David Williams, director of business development at Northamptonshire Healthcare NHS Foundation Trust, said extra care was “part of the solution” for wider elderly care and his team were currently working through the Home First principal, which provides short-term care and reablement in people’s homes or through step-down beds.

Delivery and funding

In terms of the specifics around delivery, Bill Flood, managing director of council-owned Wokingham Housing and for-profit registered provider Loddon Homes, was able to share some lessons learned – particularly around timing.

Mr Flood said Wokingham Housing had recently completed two schemes at the same time, which had caused a delay before rents started to flow in.

As a result, he said: “The expectation of filling extra care needs to be understood because often you make commissioning decisions and when it gets to delivering them, you need to not be surprised [if the] the rent isn’t coming in.”

He also stressed that when done well, extra care housing was “not a cheap thing to do”, and said it was critical to understand the costs and pressure points associated with the build early on.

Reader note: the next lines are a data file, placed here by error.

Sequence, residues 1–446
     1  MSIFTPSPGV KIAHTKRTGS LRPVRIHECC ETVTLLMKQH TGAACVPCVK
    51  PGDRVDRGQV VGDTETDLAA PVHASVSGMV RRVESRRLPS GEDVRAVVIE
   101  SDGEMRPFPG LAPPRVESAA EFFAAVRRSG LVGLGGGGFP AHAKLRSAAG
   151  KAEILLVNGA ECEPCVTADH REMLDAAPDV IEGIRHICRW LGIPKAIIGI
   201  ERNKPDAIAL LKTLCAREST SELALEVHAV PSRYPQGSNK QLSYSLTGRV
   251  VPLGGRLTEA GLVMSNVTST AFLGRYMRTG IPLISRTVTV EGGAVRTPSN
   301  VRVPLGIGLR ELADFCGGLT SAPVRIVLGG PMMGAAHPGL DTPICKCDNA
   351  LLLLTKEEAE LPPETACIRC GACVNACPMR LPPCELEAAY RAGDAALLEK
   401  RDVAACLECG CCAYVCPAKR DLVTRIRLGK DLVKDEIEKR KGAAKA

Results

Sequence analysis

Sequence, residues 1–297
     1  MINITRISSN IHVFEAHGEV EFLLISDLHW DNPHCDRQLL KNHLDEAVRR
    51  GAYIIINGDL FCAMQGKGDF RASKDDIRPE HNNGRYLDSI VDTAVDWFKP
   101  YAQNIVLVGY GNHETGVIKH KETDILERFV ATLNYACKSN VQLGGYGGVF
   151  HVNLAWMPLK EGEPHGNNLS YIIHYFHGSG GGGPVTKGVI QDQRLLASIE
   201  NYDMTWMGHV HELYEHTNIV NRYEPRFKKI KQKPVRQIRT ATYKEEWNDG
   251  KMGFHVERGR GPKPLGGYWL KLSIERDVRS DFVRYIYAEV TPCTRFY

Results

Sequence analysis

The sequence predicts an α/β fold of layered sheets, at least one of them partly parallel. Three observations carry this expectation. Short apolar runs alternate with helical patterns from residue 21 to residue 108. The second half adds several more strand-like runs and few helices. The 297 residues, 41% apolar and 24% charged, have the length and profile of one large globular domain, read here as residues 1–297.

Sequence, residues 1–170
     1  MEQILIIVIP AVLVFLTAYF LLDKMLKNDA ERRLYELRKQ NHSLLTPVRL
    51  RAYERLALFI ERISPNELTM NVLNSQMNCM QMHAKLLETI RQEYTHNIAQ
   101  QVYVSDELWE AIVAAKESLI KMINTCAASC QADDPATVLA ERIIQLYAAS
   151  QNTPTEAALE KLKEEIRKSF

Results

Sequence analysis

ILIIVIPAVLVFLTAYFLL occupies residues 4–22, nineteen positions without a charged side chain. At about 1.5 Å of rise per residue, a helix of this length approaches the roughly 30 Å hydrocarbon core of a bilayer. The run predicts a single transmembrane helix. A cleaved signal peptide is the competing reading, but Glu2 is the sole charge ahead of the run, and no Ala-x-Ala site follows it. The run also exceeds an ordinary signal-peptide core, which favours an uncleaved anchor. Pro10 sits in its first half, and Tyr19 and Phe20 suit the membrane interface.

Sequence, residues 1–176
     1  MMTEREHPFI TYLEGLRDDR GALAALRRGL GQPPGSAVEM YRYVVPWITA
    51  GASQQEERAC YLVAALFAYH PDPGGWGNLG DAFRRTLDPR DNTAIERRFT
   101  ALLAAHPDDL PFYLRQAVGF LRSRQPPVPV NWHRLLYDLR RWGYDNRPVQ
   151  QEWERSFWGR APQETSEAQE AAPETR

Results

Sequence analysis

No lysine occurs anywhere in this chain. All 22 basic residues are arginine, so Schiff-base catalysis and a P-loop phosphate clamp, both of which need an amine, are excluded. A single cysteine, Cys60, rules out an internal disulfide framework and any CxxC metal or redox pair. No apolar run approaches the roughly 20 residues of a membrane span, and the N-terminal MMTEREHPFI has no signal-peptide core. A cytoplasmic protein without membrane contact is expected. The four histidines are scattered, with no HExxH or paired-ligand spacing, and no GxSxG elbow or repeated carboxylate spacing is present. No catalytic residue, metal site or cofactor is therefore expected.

This was echoed by Derek Rust, group director of growth and development at the Barnet Group, a trading company handling housing owned by Barnet LBC. Mr Rust urged those delivering extra care housing “not to compromise on capital cost because if you do, you will regret it at the back end”. 

He added: “Don’t think these are buildings like any other. The architects and contractors you use should understand extra care, it’s not just a building project, it’s very different.”